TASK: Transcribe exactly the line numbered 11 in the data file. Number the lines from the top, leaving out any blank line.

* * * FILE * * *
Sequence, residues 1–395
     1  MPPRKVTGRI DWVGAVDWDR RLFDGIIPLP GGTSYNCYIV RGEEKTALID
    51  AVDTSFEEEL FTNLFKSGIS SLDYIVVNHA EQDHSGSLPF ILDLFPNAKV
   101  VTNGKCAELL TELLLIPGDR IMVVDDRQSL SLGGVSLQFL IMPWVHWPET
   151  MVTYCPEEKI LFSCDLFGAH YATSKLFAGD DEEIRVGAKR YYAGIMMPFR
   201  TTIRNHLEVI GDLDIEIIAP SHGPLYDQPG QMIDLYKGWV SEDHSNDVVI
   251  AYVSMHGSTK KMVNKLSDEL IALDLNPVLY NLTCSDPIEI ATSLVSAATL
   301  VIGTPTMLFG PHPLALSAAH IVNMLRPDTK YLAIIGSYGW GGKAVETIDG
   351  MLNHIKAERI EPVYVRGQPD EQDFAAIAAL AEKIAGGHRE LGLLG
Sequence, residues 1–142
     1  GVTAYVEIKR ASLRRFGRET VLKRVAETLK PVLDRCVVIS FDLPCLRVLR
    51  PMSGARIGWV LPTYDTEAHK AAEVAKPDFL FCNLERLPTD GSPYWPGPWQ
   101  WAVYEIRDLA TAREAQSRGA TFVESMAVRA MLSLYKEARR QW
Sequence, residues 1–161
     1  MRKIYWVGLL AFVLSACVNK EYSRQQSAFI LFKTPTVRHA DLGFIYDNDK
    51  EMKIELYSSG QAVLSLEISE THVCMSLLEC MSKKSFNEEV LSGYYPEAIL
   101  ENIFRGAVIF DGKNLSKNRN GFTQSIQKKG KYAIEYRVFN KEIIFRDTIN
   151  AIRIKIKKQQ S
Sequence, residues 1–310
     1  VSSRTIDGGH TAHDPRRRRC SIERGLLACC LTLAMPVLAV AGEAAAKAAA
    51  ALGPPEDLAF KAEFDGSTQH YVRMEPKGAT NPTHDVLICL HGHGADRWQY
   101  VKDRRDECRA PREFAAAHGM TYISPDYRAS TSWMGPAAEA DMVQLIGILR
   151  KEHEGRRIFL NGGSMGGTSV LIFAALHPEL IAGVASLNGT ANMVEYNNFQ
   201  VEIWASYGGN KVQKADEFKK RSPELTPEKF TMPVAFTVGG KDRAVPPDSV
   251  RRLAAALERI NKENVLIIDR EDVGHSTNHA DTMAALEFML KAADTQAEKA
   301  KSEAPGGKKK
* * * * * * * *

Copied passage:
     1  GVTAYVEIKR ASLRRFGRET VLKRVAETLK PVLDRCVVIS FDLPCLRVLR